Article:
"After drinking an elixir that bestows immortality upon him, a young Indian named Flapping Eagle spends the next seven hundred years sailing the seas with the blessing, and ultimately the burden, of living forever. Eventually, he grows weary of the sameness of life and journeys to the mountainous Calf Island to regain his mortality. There he meets other immortals obsessed with their own stasis, and he sets out to scale the island's peak, from which the mysterious and corrosive Grimus Effect emits. Through a series of thrilling quests and encounters, Flapping Eagle comes face-to-face with the island's creator and unwinds the mysteries of his own humanity."
In this allegorical work, Rushdie uses the characters to represent hopes as well as the frustrating realities of India's newly found freedom. Through extended dream sequences, Rushdie is able to blur the distinction between reality and imagination. What Salmon Rushdie stands for, is the right to secularism, pluralism, freedom of expression, tolerance--values that I hope we are all united in supporting In every work of Rushdie's, there is meaning.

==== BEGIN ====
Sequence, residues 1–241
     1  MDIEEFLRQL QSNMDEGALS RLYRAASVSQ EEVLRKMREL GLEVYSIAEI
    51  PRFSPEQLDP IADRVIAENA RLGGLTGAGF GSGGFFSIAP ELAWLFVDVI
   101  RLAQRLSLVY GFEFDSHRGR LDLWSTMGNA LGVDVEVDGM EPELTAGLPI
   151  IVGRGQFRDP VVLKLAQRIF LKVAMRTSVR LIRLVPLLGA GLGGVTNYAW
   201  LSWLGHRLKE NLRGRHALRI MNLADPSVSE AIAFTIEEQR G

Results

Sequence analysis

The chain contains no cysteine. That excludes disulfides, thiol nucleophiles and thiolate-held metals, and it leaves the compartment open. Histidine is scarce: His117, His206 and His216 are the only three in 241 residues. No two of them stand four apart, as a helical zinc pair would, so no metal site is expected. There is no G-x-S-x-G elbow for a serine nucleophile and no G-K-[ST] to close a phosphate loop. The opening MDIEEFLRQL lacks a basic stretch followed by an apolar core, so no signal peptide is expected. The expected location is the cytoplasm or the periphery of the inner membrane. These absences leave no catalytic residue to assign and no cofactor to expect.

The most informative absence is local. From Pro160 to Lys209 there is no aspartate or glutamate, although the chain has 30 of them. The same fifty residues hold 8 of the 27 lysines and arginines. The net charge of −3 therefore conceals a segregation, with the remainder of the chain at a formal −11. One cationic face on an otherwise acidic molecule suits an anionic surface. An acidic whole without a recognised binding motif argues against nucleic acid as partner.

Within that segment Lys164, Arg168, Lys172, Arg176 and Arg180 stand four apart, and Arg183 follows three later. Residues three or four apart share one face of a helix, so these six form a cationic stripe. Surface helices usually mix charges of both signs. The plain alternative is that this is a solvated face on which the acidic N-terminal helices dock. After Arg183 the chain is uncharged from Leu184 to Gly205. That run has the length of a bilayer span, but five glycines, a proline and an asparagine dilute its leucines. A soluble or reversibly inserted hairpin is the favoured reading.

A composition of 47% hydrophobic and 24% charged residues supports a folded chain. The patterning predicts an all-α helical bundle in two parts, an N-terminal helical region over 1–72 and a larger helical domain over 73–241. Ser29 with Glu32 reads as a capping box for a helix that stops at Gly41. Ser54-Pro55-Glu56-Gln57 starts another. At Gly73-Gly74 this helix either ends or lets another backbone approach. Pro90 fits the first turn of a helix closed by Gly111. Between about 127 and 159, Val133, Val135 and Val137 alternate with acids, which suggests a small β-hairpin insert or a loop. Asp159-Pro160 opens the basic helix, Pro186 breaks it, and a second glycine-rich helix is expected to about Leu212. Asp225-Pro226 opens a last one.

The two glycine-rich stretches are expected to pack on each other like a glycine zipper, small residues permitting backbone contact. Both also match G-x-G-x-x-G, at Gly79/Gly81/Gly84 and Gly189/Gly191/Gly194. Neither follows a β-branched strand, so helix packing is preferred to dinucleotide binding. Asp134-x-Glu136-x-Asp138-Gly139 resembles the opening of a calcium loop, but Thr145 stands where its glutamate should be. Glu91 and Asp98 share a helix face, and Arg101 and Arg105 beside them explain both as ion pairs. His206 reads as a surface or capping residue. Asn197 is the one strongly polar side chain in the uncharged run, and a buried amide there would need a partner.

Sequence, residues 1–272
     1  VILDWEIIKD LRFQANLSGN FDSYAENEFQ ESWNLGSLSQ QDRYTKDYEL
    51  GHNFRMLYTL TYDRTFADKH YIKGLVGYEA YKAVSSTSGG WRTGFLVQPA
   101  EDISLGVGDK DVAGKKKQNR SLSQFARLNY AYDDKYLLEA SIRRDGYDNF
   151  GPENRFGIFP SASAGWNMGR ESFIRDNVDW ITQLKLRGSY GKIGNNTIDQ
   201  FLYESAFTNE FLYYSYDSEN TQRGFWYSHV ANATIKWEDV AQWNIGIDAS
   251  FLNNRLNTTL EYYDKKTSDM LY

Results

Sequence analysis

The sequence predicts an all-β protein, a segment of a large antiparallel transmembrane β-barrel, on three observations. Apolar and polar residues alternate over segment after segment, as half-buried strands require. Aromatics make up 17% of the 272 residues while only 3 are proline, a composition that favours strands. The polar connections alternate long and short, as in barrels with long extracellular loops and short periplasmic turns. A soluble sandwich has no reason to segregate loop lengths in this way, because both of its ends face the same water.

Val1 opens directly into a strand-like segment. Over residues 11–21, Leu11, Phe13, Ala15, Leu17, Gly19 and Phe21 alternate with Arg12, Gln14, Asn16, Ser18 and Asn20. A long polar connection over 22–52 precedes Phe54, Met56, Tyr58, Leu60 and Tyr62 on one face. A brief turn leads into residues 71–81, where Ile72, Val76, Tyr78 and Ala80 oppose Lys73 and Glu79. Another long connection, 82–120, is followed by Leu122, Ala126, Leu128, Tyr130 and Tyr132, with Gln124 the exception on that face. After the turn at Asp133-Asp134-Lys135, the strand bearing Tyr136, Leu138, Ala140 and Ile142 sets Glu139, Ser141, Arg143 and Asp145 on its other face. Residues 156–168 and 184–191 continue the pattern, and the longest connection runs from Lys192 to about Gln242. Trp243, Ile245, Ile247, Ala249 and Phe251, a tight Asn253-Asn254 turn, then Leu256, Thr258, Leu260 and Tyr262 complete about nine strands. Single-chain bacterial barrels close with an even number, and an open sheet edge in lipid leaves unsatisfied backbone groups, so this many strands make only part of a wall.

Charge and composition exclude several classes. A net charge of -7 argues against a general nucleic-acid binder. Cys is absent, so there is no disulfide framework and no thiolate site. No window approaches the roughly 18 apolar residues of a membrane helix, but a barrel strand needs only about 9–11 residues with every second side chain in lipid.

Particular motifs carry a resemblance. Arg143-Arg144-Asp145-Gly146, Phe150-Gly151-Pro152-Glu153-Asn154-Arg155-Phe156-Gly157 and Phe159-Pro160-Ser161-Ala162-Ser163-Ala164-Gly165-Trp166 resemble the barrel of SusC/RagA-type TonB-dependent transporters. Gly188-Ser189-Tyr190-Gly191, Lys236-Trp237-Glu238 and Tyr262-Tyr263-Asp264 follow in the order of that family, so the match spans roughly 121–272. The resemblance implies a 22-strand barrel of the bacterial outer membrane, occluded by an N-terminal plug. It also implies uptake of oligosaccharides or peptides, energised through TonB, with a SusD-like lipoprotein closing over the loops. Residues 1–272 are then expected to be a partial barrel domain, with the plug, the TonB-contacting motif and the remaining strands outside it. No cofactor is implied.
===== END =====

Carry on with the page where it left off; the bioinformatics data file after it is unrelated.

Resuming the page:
He does not write frivolously, but instead examines different afflictions that plague today's society. Grimus had received both positive and negative criticism, but was established as a great literary work and a beneficial start to his writing career.
I greatly enjoyed this novel. It is a tale of people who cannot die, who all eventually end up on a hidden island controlled by a strange "Effect". Some may call this book science fiction, in that it does take place in another world, but most of Rushdie's books take place in altered realities. Rushdie's first published book, Grimus, tells the story of an American Indian who receives the gift of immortality and begins an odyssey to find the meaning of life. Immortality is on everyone's...